March 11, 2008

Feeling Mean

Many people have a story about how some Catholic priest was mean to them, was dismissive, or took them lightly. Sometimes these are catastrophic events in the life of a Christian, and sometimes they drive people away from the practice of their faith. Therefore, as I've been trying to learn the trade and pick up the identity of parish priest these past six months, there's always a voice in my head saying, don't be that guy.

Sometimes I walk on the edge of this fear when dealing with requests for infant baptism. If people come from an hour away and say they want to baptize their baby in our parish because of some historical connection, I usually ask them if they belong to the parish where they do live. When they admit that they haven't really thought about it since their Confirmation or wedding, I advise them to explore and join a parish where they live, and then think about baptizing their baby there.

I try to do this in an encouraging and gentle way, knowing that the baptism of a new baby is a good opportunity to hook people back into their faith, but sometimes it seems like people only hear a refusal to take care of them, rather than good advice about how to bring up their child as a Christian. Sometimes I worry that all they hear is, this priest refuses to baptize my baby.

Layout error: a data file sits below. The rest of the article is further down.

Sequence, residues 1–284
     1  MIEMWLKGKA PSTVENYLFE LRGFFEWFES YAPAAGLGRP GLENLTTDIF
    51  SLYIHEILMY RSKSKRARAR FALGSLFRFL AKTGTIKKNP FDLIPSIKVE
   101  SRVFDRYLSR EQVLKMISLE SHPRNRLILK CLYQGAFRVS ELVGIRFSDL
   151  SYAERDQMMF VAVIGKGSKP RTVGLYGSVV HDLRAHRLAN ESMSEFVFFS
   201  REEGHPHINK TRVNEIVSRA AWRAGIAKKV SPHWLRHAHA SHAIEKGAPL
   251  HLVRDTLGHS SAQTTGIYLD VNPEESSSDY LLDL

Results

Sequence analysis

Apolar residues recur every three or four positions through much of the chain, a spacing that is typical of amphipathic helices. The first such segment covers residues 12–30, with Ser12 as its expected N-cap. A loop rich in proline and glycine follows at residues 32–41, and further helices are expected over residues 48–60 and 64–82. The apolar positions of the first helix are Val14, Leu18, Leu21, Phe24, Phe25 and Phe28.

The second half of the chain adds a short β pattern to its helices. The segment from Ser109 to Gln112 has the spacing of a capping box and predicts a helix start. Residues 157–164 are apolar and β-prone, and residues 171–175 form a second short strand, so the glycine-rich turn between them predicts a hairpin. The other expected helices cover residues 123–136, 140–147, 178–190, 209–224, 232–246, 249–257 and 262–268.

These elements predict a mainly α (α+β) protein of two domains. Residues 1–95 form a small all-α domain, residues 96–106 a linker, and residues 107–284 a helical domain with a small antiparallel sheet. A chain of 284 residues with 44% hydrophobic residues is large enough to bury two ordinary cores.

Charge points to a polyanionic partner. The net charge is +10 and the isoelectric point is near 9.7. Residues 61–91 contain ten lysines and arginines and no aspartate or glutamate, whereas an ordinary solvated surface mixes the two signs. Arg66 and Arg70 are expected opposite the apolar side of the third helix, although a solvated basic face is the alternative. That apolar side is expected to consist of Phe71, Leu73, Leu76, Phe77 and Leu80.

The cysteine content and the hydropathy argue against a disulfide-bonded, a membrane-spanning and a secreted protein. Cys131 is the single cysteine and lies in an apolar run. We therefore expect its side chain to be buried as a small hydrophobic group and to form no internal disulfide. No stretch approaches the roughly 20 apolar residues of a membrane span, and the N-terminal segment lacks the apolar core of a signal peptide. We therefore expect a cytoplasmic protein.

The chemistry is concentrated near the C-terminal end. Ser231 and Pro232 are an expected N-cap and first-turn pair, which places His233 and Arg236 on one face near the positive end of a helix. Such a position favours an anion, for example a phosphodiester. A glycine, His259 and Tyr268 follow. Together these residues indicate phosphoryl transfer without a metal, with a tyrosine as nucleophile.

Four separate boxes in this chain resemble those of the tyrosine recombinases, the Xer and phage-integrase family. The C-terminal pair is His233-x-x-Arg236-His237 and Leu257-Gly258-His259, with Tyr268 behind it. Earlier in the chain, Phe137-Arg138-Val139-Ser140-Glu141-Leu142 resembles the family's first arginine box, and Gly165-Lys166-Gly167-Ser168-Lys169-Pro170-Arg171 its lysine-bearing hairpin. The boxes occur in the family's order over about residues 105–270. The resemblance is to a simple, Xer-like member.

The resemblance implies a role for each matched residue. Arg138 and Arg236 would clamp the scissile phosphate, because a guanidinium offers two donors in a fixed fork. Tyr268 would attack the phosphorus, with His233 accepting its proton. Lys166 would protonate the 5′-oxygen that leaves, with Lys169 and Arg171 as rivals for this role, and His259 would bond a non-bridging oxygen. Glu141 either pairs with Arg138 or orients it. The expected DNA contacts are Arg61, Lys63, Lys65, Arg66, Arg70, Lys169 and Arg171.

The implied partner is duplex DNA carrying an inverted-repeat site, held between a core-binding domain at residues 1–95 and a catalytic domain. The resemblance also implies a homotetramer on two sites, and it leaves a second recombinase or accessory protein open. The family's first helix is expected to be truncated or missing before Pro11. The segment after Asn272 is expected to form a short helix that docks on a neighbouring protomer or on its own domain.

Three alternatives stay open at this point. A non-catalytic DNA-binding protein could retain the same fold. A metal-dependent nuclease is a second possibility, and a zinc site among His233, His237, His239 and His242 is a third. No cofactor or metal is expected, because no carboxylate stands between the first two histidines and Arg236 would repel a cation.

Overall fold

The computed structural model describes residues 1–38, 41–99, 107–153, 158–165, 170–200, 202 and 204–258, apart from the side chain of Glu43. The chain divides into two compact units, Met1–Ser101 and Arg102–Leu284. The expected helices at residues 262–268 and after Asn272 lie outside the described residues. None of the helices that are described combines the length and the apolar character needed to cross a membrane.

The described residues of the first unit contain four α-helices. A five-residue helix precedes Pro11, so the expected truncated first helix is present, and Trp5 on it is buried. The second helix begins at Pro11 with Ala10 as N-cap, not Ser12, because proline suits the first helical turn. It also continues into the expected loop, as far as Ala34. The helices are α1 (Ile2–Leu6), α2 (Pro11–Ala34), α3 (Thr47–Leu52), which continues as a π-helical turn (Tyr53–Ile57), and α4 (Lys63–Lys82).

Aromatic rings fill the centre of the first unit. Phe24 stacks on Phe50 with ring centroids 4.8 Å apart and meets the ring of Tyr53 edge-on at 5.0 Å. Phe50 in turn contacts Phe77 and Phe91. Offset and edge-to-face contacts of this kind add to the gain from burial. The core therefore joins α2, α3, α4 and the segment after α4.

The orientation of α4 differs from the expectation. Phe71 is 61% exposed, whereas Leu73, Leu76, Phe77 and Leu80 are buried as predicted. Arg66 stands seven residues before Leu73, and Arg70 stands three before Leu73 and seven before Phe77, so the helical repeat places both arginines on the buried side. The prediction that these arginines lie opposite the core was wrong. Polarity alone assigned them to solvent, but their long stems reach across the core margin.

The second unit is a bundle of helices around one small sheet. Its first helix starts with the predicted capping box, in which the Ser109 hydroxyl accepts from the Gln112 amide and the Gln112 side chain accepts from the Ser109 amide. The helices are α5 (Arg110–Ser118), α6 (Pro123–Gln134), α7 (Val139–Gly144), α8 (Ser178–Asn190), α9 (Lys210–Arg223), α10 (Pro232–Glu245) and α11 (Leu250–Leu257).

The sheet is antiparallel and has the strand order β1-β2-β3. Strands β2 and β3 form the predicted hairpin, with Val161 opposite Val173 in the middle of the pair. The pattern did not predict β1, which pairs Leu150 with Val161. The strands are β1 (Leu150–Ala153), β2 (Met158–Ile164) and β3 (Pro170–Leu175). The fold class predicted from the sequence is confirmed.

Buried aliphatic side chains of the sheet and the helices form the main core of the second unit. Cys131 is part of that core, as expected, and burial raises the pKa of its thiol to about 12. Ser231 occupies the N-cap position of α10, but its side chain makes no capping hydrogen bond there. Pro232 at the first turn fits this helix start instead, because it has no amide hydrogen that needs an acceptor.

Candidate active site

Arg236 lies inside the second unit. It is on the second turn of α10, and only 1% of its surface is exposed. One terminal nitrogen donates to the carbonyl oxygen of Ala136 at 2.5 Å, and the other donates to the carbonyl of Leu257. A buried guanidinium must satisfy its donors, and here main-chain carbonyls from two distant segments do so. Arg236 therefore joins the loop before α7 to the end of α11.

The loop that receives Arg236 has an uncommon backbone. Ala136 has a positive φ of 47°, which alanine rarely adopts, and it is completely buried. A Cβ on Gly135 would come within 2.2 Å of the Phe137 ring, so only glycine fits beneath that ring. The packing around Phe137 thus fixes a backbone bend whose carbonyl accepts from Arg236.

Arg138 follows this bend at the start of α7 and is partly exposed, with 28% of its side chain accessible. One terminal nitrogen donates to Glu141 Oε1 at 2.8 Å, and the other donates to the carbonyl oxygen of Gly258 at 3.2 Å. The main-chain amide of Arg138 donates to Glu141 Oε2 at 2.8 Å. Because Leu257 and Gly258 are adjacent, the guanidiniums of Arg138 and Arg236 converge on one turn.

4 comments:

Barb, sfo said...

It is a fine line. But sacraments are not candy to be handed out "wherever and whenever." Why do we act as though they are? Receiving a sacrament involves accepting a responsibility.

Pia said...

I agree with Barb. Don't worry about it. You are not a waiter in a restaurant. Just stay along that line. And if they get riled up about it, then you have to be firm, which they will see as "mean". You have a responsibility to Jesus, too.

Anonymous said...

It's not their baptism though, it's the baby's.I don't get this,never have. Even if they neglect the child's relgious ed.the child has been baptized. That'simportnat, isn't it?

Please explain. I am really confused.

Charles of New Haven said...

Thanks everyone, for the comments and encouragement.

My answer, Anonymous, is both yes and no. Yes, it is a good thing that a child is baptized. But, on the other hand, baptism is an act of faith and an expression of desire for faithfulness to God. In the case of infant baptism, parents and sponsors profess that faith on behalf of the child. Now, if these aren't associated with the community of faith, which is the body of Christ in the world, how can they make that profession of faith on behalf of someone else? It's a hard question sometimes. That's the dilemma.